And, in case you're wondering, why the "happy" post today, yes, I am depressed. It's mostly a bland depression. But I'm going crazy with people asking me why I'm sad (cause I'm not) and what happened (nothing did, I'm bipolar).

Hope y'all learned something/identified with something. It's Monday, and that's what's on my mind.

P.S. I've somehow failed to give away a Kindle. Seriously. Not one entry. For a Kindle. I will think about that when the depression's over. Honestly, who fails to give away a Kindle? How is that even possible?

Thursday, September 8, 2011

Happy International Literacy Day!

I'm a writer. I've been a reader longer than I can remember. I speak 5 languages; in fact I live my life in a language other than my mother tongue.

Words are my life.

I've always been connected to books. I've mentioned more than a few times that I was a bit of a legend for multi-tasking as a child. When they said, "she can't put that book down," they meant it. In primary school, the teachers would make up errands to send me on, so they culd watch me walk and read! (One of them admitted this in a speech at graduation.) And I've never walked into something, or fallen, or even slipped. Even though I regularly walk into stuff, and fall, and slip when I'm not reading.

Somehow, reading makes me hyper-aware of my surroundings. In complete contrast, reading also pulls me in so thoroughly that I notice nothing else. I've been known to read a book cover to cover without eating, drinking or using the bathroom.

There's always a lot going on in my brain- I actually think I have ADD, but that's another post- and reading somehow quiets that. I love movies and music, but I think one of the things I'll always love about curling up with a book, is that it's all inside. I'm not very visual, so when I read, I don't see characters or scenes. It goes much deeper than that. I feel them. That's why it's so hard to keep reading a book when I didn't connect with the characters. I feel them long after the book is closed. In fact, I got so attached to the characters in Elana Johnson's POSSESSION, I couldn't read anything else for days. Every time I tried, Vi and company would intrude.

Another beauty of books is that it's so personal. As I said, I don't see the story, but that's me. Some people do see the characters. Some people smell the smells and tastes the tastes. And that's one of the hard things about movie casting, because so many people have already designed the cast, and the setting, in their minds, that whatever Hollywood does, just doesn't fit. Because, the movie looks mostly the same to everyone, but a book is what you make it.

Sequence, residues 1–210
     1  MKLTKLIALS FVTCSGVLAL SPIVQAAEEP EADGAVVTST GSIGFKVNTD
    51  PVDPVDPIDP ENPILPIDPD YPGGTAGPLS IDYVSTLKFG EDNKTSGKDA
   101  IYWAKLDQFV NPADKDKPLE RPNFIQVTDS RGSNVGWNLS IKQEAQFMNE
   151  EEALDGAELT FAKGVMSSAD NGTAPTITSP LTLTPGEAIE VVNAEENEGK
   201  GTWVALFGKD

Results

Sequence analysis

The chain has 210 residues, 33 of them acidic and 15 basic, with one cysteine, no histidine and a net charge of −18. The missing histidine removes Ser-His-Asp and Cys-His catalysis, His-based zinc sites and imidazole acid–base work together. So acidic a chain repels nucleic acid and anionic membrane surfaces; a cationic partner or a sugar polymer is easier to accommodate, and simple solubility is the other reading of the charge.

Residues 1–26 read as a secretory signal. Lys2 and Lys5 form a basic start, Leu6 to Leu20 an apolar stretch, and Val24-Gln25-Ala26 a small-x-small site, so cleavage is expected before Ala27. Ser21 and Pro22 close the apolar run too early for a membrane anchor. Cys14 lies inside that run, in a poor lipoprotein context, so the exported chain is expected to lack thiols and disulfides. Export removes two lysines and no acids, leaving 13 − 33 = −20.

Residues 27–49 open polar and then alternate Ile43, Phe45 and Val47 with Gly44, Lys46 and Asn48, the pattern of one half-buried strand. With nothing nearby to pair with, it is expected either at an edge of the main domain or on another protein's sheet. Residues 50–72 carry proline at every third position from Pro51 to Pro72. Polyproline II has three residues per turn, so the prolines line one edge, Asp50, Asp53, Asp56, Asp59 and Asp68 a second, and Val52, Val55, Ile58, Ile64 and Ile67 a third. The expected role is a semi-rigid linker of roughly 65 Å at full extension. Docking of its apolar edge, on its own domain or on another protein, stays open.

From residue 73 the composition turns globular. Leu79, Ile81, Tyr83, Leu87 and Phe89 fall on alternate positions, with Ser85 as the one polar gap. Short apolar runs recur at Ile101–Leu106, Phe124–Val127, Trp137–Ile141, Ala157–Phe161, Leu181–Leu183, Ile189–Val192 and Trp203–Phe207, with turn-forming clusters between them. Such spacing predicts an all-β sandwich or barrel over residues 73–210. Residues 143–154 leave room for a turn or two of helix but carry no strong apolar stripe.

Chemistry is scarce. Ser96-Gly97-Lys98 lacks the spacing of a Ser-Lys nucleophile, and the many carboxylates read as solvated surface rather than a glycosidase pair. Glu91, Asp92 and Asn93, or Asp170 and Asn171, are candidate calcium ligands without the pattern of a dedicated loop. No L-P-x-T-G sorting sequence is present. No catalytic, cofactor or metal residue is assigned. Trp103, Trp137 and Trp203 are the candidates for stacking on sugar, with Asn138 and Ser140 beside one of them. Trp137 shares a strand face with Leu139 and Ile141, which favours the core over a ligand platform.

I know this post is rambling, but it's like me love for books: all over the place, touching everthing.

Enjoy your literacy! Hug a book today!

Thursday, September 1, 2011

Loving Literacy Blogfest: Win a Kindle

Remember how I told you September was going to be bigger than weekly book giveaways?

September 8 is International Literacy Day (and my Daddy's birthday, which is why I remember it). Books and literacy have done so much for me, that I felt like I needed to do something big to celebrate.


Model: 3G + WiFi Kindle.

I was tempted to go the cheap route (because I need to be less of a spendthrift), but I didn't for two reasons.

1. The least expensive Kindle route includes ads on your Kindle. I don't want ads in my books. There are ads every-dang-where else.

2. This Kindle (and the DX- the one I have) provide free Wireless and 3G coverage worldwide* (check Amazon for caveats). And you know how important "internationality" is to me.

If it's not good enough for me, why should it be good enough for anybody else?


In honour of International Literacy Day I'm hosting the Loving Literacy Blogfest.

BLOGGERS, enter by adding your blog to the linky thing and posting 400-600 words on any topic to do with literacy.

NON-BLOGGERS, email me your 400-600 words on any topic to do with literacy, along with your desired "display name" and your state/city/country.

(Anything you tie back to literacy is ok as a topic: Why I love books more than movies, Why there should be more literacy programs in 3rd world countries, How popular books are a great way to convert "non-readers", How books are the least expensive avenue to different worlds, etc.)


I will select my five favourite posts and, YOU, the awesom-est of the awesome, will select our winner by a vote. :)

Voting is also open to everyone, but there'll be a scale in favour of pre-contest followers.

Voters can only vote for one of the five entries.

And if you enter, and you want to campaign your friends, that's totally kosher.


SEP 1-8: Enter your link on this post.

SEP 8: Post or email your Literacy Day entry

SEP 12-16: The entries go up, one a day on my blog.

SEP 19-23: Voting



This contest is open to everyone, everywhere Amazon will ship Kindles. (Pakistan crew, I'm sorry they don't ship there.) If you're in an exempt country, you're welcome to use a friend's address in another country, but you might want to make sure the shipping thing isn't your country's restriction as opposed to Amazon.

Looking forward to reading the posts. :)